Michelangelo Maestri (died 1812) after the engravings of Tommaso Piroli (1752-1824).
Gouache on paper.
Beginning of the 19th century.
These allegories are taken from the collection of engravings named Antiquities of Herculaneum made by Tommaso Piroli and published by the Piranesi brothers, between 1804 and 1806. The work was intended to illustrate and introduce the wall paintings discovered in Herculaneum during the second half of the eighteenth century. The explanations given by Chaude complement the engravings by giving indications on the color that Maestri followed to the letter.
The first one represents a scene from Eschyle' Oresteia. In the hope of appeasing the vengeful goddesses who pursued Orestes, Apollo ordered him to go to Tauride and bring back to Athens a statue of Athena. Once arrived in Tauride with his friend Pylade, the two men were captured and led to be sacrificed to the goddess. Fortunately, Orestes' sister, Iphigenia, was none other than the priestess in charge of the sacrifice, she recognized them and allows them to escape. Here, it is the scene of the recognition of Iphigenia, represented on the right, who freezes when she sees her brother.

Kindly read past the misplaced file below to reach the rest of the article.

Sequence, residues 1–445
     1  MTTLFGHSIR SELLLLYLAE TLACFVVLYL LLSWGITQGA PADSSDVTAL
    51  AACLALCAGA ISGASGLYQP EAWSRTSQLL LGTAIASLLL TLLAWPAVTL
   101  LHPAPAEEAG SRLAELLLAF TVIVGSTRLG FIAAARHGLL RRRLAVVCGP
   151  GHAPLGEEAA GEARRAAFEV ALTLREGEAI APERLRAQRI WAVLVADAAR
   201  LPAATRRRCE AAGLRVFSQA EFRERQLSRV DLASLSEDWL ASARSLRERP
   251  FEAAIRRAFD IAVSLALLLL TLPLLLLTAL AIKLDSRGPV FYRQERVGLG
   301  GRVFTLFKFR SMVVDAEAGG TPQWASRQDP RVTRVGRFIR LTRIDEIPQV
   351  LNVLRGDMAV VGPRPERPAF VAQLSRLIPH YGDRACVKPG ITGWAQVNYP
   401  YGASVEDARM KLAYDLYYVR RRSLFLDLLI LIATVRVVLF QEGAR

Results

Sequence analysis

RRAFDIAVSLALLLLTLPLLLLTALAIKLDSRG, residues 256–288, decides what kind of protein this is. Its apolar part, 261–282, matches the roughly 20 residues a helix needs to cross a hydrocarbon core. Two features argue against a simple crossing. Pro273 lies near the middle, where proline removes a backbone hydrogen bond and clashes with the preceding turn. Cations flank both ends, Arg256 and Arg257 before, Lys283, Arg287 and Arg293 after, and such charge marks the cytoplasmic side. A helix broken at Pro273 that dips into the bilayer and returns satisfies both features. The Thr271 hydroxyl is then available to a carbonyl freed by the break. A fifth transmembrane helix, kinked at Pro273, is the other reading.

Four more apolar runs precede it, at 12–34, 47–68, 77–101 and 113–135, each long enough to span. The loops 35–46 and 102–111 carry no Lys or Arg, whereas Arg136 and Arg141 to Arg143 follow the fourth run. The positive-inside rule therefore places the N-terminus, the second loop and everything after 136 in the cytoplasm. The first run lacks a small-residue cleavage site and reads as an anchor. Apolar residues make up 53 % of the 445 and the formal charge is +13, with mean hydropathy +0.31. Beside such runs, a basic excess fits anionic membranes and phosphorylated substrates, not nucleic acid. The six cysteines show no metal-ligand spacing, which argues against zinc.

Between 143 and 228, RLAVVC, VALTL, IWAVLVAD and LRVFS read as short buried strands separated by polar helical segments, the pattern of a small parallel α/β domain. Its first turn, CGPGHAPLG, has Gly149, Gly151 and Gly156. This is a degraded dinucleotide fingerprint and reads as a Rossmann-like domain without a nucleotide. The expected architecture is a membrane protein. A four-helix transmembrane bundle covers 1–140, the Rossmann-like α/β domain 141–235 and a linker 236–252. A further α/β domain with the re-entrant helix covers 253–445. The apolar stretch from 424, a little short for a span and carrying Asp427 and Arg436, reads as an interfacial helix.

The second scene represents Bacchus in the center, carrying a thyrse, who is receiving offerings given by bacchantes on the left, with his favorite young Ampelus and a hierophant or nurse behind him on the right.
The ornamental friezes added at the bottom of each representation are inspired by the same work, but rather than scrupulously respecting the layout of the original frescoes, Maestri assembled the motifs according to his personal fantasy.